Modiano began printing playing cards in 1884 when a lithographic press was purchased to expand their printing business. Combining artistic style and quality, these designs were first printed as “Centaur” or “Centaurus” in the 1890s for the Austrian Lloyd Steamship Company of Trieste. They were also published in different editions with alternative artwork on the Aces and Joker, including small indices in the margins. Here the designs are presented as a Patience deck with decorative aces and a Jester Joker, the Modiano logo on the reverse, but the box is plain with no title. A fortune-telling version is also known to have been published in the 1980s or 90s.
Member since January 30, 2009View Articles
Rex's main interest was in card games, because, he said, they were cheap and easy to get hold of in his early days of collecting. He is well known for his extensive knowledge of Pepys games and his book is on the bookshelves of many.
His other interest was non-standard playing cards. He also had collections of sheet music, music CDs, models of London buses, London Transport timetables and maps and other objects that intrigued him.
Rex had a chequered career at school. He was expelled twice, on one occasion for smoking! Despite this he trained as a radio engineer and worked for the BBC in the World Service.
Later he moved into sales and worked for a firm that made all kinds of packaging, a job he enjoyed until his retirement. He became an expert on boxes and would always investigate those that held his cards. He could always recognize a box made for Pepys, which were the same as those of Alf Cooke’s Universal Playing Card Company, who printed the card games. This interest changed into an ability to make and mend boxes, which he did with great dexterity. He loved this kind of handicraft work.
His dexterity of hand and eye soon led to his making card games of his own design. He spent hours and hours carefully cutting them out and colouring them by hand.
Carte da Gioco Toscana souvenir deck, 2002.
Stylish monochrome designs by the Archinstudio of Guido Bolzani and Gian-Piero Spagnolo, printed by Masenghini, Bergamo, Italy, 1977.
Miniature playing cards, possibly for children, with a romantic theatrical theme. C.L. Wüst c.1890.
This miniature pack is very similar to one made by C.L.Wúst in c.1890.
Gó Succo fruit juice promotion deck featuring Walt Disney cartoons.
San Marino stamp designs combined with photographic views by La Fotometalgrafica Emiliana, c.1975.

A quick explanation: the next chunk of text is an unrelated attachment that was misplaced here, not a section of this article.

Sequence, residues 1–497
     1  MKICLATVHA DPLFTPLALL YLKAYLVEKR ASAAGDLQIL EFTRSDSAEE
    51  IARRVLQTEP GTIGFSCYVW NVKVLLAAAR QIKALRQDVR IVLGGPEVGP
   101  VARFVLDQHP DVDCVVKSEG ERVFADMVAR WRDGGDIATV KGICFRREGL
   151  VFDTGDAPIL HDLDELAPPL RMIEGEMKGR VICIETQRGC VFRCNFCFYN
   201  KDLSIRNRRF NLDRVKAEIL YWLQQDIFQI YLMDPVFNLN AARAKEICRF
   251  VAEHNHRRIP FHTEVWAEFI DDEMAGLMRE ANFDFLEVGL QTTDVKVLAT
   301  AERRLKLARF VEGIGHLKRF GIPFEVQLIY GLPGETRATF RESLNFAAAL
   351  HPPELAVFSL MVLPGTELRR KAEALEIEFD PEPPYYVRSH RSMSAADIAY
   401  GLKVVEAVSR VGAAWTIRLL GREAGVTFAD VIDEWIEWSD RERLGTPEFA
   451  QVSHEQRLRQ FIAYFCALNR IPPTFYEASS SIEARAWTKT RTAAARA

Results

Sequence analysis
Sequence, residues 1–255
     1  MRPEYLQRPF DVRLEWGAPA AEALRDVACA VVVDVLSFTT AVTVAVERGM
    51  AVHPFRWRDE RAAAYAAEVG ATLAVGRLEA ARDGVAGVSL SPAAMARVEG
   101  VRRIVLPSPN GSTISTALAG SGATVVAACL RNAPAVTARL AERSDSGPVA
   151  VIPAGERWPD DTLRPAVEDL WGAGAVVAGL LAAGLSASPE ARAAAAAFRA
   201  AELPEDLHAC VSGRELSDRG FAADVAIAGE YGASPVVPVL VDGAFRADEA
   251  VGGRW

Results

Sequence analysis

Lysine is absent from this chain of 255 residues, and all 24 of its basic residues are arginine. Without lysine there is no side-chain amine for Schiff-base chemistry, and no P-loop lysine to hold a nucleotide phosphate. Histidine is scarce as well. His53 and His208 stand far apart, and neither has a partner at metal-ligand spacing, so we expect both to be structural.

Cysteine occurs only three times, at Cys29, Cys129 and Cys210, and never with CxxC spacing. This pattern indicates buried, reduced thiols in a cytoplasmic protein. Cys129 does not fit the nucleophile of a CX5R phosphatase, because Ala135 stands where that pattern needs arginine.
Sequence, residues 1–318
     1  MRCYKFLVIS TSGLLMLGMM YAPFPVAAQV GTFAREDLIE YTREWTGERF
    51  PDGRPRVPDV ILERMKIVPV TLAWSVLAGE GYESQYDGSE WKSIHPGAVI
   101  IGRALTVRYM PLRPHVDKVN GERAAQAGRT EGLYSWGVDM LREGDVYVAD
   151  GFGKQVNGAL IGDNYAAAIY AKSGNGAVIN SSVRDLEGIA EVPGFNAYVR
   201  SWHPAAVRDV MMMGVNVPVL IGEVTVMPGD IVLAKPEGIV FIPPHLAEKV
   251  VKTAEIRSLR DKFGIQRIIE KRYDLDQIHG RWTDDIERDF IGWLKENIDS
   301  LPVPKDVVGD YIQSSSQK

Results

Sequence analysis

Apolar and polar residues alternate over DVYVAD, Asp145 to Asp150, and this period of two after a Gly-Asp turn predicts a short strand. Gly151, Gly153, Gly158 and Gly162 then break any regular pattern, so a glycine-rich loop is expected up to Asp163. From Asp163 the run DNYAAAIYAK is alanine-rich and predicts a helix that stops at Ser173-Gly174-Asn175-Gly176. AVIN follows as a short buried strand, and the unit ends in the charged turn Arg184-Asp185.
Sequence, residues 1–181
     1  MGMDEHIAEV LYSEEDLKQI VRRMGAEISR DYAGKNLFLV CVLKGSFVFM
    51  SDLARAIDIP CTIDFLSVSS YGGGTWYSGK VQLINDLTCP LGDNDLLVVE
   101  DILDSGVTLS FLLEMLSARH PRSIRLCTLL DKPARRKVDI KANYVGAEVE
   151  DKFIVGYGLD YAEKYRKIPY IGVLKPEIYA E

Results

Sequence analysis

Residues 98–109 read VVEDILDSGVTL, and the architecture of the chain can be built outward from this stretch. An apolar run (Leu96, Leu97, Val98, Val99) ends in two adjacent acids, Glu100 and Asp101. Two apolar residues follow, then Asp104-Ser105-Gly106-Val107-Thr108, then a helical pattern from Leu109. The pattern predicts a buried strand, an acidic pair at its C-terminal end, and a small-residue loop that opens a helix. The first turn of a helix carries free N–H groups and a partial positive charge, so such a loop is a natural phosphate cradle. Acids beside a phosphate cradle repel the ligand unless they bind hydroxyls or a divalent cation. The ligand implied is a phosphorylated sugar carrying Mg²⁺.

A miniature pack of playing cards advertising Suchard chocolate and cocoa made in the early 1900's.
Myriorama of Italian scenery, 1824.
My late mother found these miniature cards in a skip around 50 years ago.
Panto People published by E. S. & A. Robinson, c.1930s.
Hats-Off! miniature card game published by E. S. & A. Robinson, c.1930s.
Zoo-Boots published by E. S. & A. Robinson, c.1930s.
Portraits of a Lady by Lo Scarabeo, 2003.
Alice with artwork by Jesús Blasco, published by Lo Scarabeo, 2003.
Liberty playing cards designed by Antonella Castelli, published by Lo Scarabeo, 2003.
Il Circo illustrated by Jules Garnier, published by Lo Scarabeo, 2004.
Facsimile of Swiss William Tell deck from c.1870 published by Lo Scarabeo.
Baracca & Burattini puppetry deck printed by Dal Negro, 1998.
Martin Mystère based on the comic book by Alfredo Castelli. The cards were designed by Giancarlo Alessandrini.
Sapra Studio Original playing cards featuring wild animals of S Africa, 1999.
Gibbs Happy Families card game promotion, both full sized and miniature versions, c.1946.
Two miniature card games promoting Vim Scouring Powder and Sunshine Soap, 1930s.
Facsimile of “Le Jeu de la Guerre” designed by Gilles de la Boissière in 1698.
Patience Cards and their Boxes by Tony Hall.
Mary Whitmore Jones and her Chastleton Patience Board by Tony Hall.
As we are becoming separated from friends and families we worked with the Solitaired team to customize this game using traditional woodblock courts.
Avventure di Pinocchio by Dal Negro, based on Carlo Collodi’s famous 1883 novel “The Adventures of Pinocchio”.
Facsimile of Dondorf’s “Musikalisches Kartenspiel” (c.1862) published by Lo Scarabeo, 2004
Pinocchio fairy tale playing cards illustrated by Iassen Ghiuselev for Lo Scarabeo, 2003.
Jeu Grotesque was first published in France c.1800.
Dal Negro Bridge set featuring old Vienna pattern courts.
“Carte Romane” designed by Giorgio Pessione, 1973, celebrating the history of Rome.
Cuccù or Cucco, an ancient Italian card game, published by Masenghini, 1979.
Sarde pattern published by Modiano, c.1975, based on early XIX century Spanish model.
The Triestine pattern is derived from the Venetian (Trevisane) pattern but with its own characteristics.
Primiera Bolognese by Modiano, c.1975
Bergamasche Pattern by Modiano, 1970s.
Schwarzer Peter No.831 by F.X. Schmid, c.1960s.
Tarocchini Bolognesi by Carlo Zanardi, c.1850